Obviously there's a lot of things happening here, so just saying "JavaScript isn't terrible" might encompass a huge amount of libraries and frameworks. But if you're like me, yeah, give things another shot- I'm somehow not hating on JavaScript anymore and... gulp... I kinda love it.

    See more
    Conor Myhrvold
    Tech Brand Mgr, Office of CTO at Uber · | 44 upvotes · 10.9M views

    How Uber developed the open source, end-to-end distributed tracing Jaeger , now a CNCF project:

    Distributed tracing is quickly becoming a must-have component in the tools that organizations use to monitor their complex, microservice-based architectures. At Uber, our open source distributed tracing system Jaeger saw large-scale internal adoption throughout 2016, integrated into hundreds of microservices and now recording thousands of traces every second.

    Here is the story of how we got here, from investigating off-the-shelf solutions like Zipkin, to why we switched from pull to push architecture, and how distributed tracing will continue to evolve:

    https://eng.uber.com/distributed-tracing/

    (GitHub Pages : https://www.jaegertracing.io/, GitHub: https://github.com/jaegertracing/jaeger)

    Bindings/Operator: Python Java Node.js Go C++ Kubernetes JavaScript OpenShift C# Apache Spark

    See more
    Git logo

    Git

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      Distributed version control system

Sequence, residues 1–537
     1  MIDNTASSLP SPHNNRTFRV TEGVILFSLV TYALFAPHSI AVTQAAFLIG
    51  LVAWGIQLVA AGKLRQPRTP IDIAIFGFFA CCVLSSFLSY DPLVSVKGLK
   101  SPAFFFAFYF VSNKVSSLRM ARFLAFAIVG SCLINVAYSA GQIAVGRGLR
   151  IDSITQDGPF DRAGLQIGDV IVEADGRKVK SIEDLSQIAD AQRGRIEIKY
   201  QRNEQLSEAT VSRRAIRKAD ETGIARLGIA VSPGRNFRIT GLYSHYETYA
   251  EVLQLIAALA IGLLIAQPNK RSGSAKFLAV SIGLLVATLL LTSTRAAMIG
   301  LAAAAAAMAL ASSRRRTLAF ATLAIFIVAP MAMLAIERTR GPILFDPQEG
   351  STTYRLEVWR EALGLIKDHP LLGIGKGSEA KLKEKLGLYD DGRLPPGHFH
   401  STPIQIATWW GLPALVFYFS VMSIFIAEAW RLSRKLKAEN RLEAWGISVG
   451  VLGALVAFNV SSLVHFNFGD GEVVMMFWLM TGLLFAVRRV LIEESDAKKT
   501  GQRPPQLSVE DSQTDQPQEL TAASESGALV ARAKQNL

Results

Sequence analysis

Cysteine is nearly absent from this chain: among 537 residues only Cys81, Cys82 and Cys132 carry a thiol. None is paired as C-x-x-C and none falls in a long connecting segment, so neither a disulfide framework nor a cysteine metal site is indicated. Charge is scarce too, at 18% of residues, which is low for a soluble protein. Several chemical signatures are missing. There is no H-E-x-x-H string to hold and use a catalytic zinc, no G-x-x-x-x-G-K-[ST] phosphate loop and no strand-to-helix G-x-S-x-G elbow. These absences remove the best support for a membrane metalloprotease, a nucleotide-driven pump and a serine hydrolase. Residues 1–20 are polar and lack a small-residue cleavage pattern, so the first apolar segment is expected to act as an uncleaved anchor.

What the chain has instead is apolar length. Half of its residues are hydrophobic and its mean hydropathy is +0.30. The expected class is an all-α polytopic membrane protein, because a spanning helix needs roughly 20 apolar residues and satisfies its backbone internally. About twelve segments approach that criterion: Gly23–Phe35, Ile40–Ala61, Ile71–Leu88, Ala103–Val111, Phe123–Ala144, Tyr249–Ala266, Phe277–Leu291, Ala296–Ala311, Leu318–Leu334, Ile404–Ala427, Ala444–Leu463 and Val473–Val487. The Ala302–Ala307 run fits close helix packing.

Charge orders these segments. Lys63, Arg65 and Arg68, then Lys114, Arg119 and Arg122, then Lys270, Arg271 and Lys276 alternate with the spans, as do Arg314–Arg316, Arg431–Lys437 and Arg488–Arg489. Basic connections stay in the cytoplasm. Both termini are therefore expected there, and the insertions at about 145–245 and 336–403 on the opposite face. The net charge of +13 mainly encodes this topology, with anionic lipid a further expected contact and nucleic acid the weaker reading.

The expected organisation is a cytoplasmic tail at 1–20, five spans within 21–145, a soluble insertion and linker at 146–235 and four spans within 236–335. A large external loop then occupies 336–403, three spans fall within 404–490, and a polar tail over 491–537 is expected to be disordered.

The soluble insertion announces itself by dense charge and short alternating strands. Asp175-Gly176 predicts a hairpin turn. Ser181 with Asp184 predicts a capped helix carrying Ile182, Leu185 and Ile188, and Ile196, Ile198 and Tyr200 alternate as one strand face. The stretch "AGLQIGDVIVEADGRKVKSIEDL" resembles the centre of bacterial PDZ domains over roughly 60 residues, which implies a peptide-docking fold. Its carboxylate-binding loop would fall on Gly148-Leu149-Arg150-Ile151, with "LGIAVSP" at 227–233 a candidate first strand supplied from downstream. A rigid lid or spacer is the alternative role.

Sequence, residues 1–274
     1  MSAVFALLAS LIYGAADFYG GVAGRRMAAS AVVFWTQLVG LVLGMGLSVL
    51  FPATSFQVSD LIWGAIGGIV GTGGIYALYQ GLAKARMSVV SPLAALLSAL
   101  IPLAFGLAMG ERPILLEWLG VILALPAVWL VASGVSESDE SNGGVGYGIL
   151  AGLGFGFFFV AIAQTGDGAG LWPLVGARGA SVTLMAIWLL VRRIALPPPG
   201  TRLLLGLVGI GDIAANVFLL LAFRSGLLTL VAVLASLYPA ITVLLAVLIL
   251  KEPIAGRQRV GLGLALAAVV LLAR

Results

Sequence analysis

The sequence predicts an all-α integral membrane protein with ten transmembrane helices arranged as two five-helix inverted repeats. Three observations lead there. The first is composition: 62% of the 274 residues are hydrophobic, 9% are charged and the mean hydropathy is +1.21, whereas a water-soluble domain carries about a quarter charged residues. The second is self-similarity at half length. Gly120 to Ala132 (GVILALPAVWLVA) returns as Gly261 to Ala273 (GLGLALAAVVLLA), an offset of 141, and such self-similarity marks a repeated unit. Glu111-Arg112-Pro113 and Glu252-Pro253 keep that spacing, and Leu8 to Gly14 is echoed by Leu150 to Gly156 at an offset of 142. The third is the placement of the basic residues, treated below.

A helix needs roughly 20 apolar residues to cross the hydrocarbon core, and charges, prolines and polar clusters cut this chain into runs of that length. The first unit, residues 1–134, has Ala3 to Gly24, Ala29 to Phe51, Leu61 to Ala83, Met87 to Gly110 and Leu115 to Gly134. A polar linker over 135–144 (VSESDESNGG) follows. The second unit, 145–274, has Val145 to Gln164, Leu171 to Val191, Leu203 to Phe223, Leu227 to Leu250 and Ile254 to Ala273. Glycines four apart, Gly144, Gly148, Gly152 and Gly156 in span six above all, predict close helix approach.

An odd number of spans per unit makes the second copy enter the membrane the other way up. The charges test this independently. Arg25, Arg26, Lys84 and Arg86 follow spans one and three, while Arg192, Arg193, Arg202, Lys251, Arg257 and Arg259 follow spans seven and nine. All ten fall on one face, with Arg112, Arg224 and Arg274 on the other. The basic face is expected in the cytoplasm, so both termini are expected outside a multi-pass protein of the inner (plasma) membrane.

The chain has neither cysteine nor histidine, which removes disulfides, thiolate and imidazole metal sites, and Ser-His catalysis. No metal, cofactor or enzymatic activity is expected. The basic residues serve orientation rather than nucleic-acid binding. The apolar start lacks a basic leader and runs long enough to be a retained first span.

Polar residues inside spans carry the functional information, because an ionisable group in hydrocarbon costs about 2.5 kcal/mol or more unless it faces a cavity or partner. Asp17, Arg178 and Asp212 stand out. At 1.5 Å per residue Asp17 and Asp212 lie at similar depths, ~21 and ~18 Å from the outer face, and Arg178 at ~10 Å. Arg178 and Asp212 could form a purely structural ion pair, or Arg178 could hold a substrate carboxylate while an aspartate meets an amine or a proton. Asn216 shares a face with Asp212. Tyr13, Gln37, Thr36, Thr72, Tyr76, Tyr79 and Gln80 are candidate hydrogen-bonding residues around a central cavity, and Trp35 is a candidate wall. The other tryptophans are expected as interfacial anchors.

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    • 959
      Fast
    • 845
      Open source
    • 726
      Better than svn
    • 368
      Great command-line application
    • 306
      Simple
    • 291
      Free
    • 232
      Easy to use
    • 222
      Does not require server
    • 27
      Distributed
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      Small & Fast
    • 18
      Feature based workflow
    • 15
      Staging Area
    • 13
      Most wide-spread VSC
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      Role-based codelines
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      Disposable Experimentation
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      Frictionless Context Switching
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      Data Assurance
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      Efficient
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      Just awesome
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      Github integration